I talked with Rios for a bit, and he is a forthright person, grinning and posing for photographs with anyone who happened by with a camera. I complimented him (sincerely) for hanging in there with a master boxer performing a Tasmanian Devil impression for 12 rounds.
“It was his quickness,” Rios said, glasses shielding a swollen-red right cheekbone and a stitched-up laceration over his left eye. “That was the difference. I didn’t expect him to be so quick. He’s a lot faster than I thought.” Rios is a stand-up guy. Even Pacquiao, fast afoot and with his mitts, couldn’t floor him.
Speaking of fast, it’s about time to break mine and visit the energized staff over at Who Wa Ma. But not before knocking out some notes about my visit in a Q+A format, inspired by a bloke sitting near me in the food court. When I asked, “How’s the WiFi in here?” he snapped, “It’s rubbish, mate!”
Over time, we’ll write more comprehensively about the entertainment in Macau, the gambling characteristics of the tourists who flood to the hotels, chats I had with workers and entertainers in my favorite enclave. But for the moment, we’ll just rake and (egg) roll:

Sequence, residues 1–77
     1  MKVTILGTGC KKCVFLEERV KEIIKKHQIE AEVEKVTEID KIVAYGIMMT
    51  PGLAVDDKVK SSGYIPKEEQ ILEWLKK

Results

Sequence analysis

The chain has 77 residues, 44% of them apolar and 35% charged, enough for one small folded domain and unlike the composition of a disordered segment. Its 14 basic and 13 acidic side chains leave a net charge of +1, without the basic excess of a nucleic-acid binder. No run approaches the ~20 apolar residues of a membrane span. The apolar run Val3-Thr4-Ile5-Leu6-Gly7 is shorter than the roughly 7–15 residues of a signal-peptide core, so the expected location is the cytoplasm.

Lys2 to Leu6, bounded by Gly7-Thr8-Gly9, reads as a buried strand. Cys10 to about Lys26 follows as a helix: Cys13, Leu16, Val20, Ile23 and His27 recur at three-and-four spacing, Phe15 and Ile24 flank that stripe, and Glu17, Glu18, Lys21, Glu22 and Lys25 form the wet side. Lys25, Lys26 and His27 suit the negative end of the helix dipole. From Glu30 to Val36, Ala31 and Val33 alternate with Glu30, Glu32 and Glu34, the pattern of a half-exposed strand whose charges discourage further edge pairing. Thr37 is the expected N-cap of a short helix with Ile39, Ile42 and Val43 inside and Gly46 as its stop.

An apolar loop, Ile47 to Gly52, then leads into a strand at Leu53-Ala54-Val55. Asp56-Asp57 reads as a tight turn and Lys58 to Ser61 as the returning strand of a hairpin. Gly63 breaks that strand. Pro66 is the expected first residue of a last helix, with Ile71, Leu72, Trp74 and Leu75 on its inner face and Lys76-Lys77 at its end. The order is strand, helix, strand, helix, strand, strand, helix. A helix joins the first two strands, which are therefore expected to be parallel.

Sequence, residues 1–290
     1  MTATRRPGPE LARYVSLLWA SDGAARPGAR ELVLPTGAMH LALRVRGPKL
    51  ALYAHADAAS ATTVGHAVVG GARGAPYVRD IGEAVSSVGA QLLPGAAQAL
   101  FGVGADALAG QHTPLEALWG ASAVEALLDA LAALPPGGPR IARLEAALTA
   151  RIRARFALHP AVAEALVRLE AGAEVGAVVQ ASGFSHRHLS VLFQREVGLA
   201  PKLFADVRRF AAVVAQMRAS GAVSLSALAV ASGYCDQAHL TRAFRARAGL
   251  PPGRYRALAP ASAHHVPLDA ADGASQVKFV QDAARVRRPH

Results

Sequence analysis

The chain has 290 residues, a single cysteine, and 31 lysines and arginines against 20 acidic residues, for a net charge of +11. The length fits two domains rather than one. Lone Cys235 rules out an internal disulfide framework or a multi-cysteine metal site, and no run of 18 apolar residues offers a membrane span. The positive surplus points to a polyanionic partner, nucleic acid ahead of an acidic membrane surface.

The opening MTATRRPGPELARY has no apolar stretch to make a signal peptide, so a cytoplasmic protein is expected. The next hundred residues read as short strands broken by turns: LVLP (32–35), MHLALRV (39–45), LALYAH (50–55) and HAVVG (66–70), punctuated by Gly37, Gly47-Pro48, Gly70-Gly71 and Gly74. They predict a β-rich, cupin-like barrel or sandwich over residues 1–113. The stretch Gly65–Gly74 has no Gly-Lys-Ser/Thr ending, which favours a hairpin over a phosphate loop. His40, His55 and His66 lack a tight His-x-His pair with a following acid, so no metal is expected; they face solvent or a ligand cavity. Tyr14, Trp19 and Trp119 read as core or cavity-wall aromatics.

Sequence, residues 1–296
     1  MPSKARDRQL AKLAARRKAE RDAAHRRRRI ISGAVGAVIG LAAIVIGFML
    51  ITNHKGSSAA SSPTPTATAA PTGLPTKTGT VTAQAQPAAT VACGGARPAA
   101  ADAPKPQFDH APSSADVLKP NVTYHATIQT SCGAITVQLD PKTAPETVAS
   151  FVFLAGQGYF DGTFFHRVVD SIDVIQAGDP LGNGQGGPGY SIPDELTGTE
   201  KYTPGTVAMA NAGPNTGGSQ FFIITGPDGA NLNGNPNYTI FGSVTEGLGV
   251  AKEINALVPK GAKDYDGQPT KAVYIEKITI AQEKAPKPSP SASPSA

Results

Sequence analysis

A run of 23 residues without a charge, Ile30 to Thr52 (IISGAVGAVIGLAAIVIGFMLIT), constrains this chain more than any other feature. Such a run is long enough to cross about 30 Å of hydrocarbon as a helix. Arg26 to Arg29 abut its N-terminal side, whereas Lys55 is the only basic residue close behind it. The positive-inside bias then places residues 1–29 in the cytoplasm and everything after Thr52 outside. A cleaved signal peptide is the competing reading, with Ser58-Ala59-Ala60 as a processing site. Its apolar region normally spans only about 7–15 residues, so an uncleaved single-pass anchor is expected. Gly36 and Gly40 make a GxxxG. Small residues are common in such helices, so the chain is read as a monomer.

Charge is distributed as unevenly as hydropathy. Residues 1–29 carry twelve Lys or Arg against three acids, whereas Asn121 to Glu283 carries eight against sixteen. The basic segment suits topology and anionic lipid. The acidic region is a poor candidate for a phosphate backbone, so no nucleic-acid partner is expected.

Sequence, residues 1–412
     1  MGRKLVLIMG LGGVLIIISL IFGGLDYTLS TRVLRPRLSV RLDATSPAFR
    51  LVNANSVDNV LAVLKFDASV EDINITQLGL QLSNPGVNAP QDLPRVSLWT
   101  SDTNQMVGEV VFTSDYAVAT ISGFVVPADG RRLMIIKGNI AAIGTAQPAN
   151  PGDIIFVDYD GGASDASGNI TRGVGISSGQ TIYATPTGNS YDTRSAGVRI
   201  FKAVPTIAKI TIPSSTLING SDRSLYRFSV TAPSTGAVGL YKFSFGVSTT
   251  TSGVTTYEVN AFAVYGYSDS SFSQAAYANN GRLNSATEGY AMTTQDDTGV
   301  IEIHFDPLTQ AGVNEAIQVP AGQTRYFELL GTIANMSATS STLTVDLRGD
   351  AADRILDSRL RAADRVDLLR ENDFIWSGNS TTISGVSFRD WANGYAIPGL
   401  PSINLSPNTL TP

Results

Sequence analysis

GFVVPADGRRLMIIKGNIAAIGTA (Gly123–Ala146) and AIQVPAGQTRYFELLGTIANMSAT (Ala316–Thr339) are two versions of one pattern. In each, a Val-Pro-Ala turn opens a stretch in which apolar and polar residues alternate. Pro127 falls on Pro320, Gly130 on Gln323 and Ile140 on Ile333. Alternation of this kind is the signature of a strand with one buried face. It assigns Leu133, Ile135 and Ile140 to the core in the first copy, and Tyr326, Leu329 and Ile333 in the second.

Did you experience “back play” (the gaming version)?
Yes. This is the practice of gamblers standing behind players during any live game and setting money on a wager already on the table. This is one of those myths that has made it to Las Vegas, that the casinos are so full that players must back-bet or back up those already holding a spot on the felt. But whenever I saw this happen, it was evident mostly at baccarat, sic bo and roulette tables. Usually, the hottest tables drew gamblers to the action for some back play. This was happening even as live tables sat totally unoccupied. The Macau players rush to games with “gravity” and create an overflow of participants.